Oregon college shooting won't likely lead to tighter gun control, experts say
Political deadlock, strong gun lobby mean 'chances of a breakthrough are not good,' prof says
U.S. President Barack Obama looked weary when he responded Thursday to news of yet another mass shooting with the words: "Somehow, this has become routine."
"The reporting is routine. My response here at this podium ends up being routine," the president said after nine people were killed at a community college in Roseburg, Ore. "We've become numb to this."
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Stressing that the U.S. is not doing enough to prevent gun violence and mass shootings, his speech echoed ones he made after the Charleston, S.C, church shooting in June, the Fort Hood, Texas, shooting in April 2014, the Sandy Hook Elementary School massacre in December 2012 and the Aurora, Colo., theatre shooting in July 2012.
Not counting Thursday's tragedy, 293 mass shootings have been reported this year, according to the Mass Shooting Tracker website, a crowd-sourced database kept by anti-gun activists that logs events in which four or more people are shot.
The Oregon shooter had multiple guns, police said, all of them purchased legally.
Still, experts say this latest news is unlikely to bring about any change to federal gun laws in the U.S., where even the deaths of 20 elementary students weren't enough to garner support for tighter gun control.
"In the very short term, the chances of a breakthrough are not good," Gregg Lee Carter, a professor of sociology at Bryant College in Rhode Island and the editor of the book Guns in American Society, said in an emailed statement to CBC News.
Obama's failed attempt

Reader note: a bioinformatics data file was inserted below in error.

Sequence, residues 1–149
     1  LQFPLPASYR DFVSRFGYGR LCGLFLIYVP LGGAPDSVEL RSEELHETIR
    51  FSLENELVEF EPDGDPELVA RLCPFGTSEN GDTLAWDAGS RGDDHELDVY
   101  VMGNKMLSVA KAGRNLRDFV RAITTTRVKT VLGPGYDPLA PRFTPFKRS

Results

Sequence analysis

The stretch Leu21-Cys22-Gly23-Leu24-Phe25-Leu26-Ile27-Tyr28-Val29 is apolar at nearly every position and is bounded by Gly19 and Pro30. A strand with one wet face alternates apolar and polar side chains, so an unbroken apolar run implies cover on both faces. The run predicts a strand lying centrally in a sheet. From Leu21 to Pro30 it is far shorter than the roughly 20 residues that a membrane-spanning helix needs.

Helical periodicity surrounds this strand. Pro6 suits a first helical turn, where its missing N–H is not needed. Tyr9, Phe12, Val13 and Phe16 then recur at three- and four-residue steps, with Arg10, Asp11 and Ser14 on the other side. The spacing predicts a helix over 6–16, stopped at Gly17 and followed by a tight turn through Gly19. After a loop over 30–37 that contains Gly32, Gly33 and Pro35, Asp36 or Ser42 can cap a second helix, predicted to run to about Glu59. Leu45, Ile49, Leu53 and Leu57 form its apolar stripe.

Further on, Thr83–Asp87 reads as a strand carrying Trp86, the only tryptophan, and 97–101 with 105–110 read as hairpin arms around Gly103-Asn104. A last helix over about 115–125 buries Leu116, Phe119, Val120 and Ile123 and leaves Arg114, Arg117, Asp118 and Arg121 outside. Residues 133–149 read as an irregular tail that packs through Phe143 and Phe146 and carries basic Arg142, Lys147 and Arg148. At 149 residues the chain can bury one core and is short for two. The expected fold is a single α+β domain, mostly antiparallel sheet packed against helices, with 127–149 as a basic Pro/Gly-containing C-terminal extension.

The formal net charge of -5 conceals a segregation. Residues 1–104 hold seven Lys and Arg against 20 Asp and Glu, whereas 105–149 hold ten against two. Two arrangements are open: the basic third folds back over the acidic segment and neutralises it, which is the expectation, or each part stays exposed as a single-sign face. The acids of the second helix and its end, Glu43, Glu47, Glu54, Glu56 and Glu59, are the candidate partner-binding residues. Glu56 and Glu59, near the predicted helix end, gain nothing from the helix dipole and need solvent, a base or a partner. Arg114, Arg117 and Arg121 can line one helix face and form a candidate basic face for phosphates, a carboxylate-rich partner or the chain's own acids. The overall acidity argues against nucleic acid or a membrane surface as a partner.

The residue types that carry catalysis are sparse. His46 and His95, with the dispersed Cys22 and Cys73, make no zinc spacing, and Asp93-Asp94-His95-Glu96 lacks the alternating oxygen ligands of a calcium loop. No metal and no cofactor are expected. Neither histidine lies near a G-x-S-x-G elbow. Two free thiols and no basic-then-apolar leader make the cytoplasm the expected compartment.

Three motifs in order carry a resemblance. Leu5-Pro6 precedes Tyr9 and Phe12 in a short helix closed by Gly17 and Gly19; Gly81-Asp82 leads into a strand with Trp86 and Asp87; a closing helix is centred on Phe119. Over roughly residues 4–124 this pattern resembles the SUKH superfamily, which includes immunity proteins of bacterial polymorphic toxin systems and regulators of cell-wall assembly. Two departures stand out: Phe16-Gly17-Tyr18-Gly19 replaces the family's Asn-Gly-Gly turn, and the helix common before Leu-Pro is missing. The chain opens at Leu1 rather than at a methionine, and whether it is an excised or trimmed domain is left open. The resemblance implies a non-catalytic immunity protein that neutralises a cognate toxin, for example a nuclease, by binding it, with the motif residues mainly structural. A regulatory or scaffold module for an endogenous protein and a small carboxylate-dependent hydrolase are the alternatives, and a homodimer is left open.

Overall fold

Obama's attempt at gun control came on the heels of the 2012 Sandy Hook shooting in Newtown, Conn., in which 20 children and six adults were killed.
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His administration announced its plan on Jan. 16, 2013. It centred on two key elements — mandating background checks on all private firearms sales and banning assault weapons and high-capacity magazines like those used in Newtown.
Both measures were criticized by gun-rights organizations, including the National Rifle Association (NRA).
The Democrats' Senate bill to ban assault weapons was overturned 60-40, with 15 Democrats and every Republican but one voting against it.
A bipartisan bill to expand background checks for gun-buyers got support from a majority of senators, but fell short of the 60 votes it needed to advance. Forty-one Republicans and five Democrats voted to scuttle the plan.
With little change in Washington's political dynamic, Obama hasn't made a concerted effort to renew the gun control effort since those bills failed.
That's unlikely to change, said Carter,
"The Republicans have significant majorities in both Houses of Congress and the Republican Party platform is clear and strong in defence of gun rights."
Political deadlock and the vocal minority